By Rachel Pillinger on August 10 2018 05:02:23
Any information that doesn’t fit within the framework of your outline, and doesn’t directly support your thesis statement, no matter how interesting, doesn’t belong in your research paper. Keep your focus narrow and avoid the kitchen sink approach. (You know, the one where you throw in every bit of interesting research you uncovered, including the fungal growth in the U-joint of your kitchen sink?) Everything you learn may be fascinating, but not all of it is going to be relevant to your paper.
If you choose a topic, begin researching, and realize that it isn’t the right decision for you for some reason, don’t fret! Although it requires a bit more time, you have the ability to change your topic even after you begin researching others.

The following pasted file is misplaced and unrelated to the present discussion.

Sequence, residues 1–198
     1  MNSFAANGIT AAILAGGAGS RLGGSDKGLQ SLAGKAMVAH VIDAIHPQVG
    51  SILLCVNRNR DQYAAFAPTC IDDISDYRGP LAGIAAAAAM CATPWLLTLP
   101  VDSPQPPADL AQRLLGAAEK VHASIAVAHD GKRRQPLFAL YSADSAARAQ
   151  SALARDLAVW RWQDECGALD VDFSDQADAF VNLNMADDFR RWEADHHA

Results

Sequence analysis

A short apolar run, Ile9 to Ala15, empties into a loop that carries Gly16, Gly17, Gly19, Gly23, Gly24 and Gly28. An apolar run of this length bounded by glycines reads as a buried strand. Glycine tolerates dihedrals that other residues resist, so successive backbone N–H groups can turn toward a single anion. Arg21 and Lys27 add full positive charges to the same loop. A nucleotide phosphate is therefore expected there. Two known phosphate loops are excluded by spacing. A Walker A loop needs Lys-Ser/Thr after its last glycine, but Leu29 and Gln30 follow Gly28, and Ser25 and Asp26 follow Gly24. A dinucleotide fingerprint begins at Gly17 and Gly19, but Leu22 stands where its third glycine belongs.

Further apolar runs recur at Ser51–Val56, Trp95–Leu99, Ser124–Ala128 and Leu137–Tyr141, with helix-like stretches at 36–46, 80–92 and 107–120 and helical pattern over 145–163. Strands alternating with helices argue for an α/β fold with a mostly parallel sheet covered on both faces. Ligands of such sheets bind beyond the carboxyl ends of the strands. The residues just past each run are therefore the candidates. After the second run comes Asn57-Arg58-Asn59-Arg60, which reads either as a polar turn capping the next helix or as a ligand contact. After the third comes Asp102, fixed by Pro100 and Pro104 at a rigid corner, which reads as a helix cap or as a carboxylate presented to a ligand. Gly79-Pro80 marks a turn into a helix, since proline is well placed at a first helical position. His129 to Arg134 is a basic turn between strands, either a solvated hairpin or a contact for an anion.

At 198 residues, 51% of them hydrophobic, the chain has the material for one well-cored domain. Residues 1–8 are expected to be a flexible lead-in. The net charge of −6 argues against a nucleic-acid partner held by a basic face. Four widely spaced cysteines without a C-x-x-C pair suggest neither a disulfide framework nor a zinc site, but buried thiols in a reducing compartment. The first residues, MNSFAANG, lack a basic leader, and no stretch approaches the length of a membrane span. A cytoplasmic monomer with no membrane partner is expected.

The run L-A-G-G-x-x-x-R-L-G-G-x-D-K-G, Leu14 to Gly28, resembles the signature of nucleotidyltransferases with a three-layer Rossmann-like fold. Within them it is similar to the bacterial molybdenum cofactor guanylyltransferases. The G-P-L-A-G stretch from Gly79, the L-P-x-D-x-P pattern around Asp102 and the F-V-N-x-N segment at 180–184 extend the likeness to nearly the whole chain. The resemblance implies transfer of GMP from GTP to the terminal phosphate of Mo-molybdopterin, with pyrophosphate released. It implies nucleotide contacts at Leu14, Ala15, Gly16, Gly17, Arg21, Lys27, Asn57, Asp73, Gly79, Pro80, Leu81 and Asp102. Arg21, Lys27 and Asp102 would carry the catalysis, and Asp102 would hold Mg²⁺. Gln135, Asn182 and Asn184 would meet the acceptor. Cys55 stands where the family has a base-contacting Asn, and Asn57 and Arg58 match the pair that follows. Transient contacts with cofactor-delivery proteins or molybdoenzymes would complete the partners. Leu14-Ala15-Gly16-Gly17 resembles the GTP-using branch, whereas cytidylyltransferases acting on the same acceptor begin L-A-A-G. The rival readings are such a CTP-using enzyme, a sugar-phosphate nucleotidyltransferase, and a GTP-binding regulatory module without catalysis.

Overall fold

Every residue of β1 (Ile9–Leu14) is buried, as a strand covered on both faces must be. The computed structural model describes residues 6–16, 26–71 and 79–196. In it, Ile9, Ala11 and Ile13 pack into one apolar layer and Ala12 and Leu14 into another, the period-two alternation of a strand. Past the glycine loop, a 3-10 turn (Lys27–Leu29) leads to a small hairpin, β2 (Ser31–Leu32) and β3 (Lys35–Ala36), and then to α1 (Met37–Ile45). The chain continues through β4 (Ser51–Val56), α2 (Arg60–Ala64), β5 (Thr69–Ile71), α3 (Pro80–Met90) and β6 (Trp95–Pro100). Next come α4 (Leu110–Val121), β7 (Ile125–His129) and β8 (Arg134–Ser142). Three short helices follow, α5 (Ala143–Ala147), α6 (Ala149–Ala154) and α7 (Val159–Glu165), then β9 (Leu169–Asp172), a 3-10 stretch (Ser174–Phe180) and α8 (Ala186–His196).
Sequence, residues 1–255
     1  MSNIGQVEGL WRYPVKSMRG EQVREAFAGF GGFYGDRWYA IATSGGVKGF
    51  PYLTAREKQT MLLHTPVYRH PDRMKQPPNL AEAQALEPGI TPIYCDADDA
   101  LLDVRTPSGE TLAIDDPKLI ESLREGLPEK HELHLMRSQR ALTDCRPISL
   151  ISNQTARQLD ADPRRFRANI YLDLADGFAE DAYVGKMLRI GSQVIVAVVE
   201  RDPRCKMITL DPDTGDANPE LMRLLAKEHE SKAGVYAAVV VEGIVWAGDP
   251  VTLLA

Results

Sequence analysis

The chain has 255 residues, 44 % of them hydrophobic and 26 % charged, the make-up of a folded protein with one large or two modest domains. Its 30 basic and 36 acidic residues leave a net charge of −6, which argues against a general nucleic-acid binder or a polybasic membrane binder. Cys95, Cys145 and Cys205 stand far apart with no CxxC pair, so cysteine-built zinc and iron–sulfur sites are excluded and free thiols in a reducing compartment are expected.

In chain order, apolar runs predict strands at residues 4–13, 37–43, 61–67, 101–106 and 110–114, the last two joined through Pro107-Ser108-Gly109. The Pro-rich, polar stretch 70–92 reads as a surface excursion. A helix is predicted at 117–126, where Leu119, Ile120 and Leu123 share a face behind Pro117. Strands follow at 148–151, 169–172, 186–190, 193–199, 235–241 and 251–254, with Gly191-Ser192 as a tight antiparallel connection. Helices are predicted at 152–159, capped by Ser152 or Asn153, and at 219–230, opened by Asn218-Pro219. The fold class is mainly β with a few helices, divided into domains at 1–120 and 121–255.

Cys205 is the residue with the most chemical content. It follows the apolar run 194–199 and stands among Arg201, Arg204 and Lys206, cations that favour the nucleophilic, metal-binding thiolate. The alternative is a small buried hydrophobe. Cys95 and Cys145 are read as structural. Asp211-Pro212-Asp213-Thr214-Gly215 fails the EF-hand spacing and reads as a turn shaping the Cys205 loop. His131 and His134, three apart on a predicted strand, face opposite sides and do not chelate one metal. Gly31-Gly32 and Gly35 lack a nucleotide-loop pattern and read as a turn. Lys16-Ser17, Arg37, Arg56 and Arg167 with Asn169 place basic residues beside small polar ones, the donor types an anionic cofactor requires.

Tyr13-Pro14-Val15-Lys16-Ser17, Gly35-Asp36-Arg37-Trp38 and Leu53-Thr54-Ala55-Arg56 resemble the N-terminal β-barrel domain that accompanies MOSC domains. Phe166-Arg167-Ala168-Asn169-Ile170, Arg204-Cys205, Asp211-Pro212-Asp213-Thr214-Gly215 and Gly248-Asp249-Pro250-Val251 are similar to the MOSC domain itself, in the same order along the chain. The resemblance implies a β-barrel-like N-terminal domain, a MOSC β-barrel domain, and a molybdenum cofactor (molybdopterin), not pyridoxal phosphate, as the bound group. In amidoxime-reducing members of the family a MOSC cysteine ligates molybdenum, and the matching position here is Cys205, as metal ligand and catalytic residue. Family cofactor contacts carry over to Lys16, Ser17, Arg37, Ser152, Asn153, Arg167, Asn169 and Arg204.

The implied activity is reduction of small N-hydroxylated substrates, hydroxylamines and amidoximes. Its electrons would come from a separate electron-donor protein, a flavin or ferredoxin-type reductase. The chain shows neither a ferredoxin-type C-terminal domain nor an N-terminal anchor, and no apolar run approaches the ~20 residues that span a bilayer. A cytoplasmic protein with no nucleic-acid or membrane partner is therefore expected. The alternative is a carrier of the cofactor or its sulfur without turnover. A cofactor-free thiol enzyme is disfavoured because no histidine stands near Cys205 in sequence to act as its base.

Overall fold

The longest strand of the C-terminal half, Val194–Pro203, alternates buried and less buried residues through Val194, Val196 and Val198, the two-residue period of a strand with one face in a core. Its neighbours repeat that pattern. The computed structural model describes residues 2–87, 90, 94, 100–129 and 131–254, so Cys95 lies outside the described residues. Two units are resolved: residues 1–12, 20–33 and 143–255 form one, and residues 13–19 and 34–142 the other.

If you find one really awesome book or journal that fits your topic perfectly, try looking in the works cited/bibliography/reference list at the end of it. This should contain many more books and journals that are about your topic as well.
The thesis statement is a 1-2 sentence statement at the beginning of your paper that states the main goal or argument of your paper. Although you can alter the wording of your thesis statement for the final draft later, coming up with the main goal of your essay must be done in the beginning. All of your body paragraphs and information will revolve around your thesis, so make sure that you are clear on what your thesis is.
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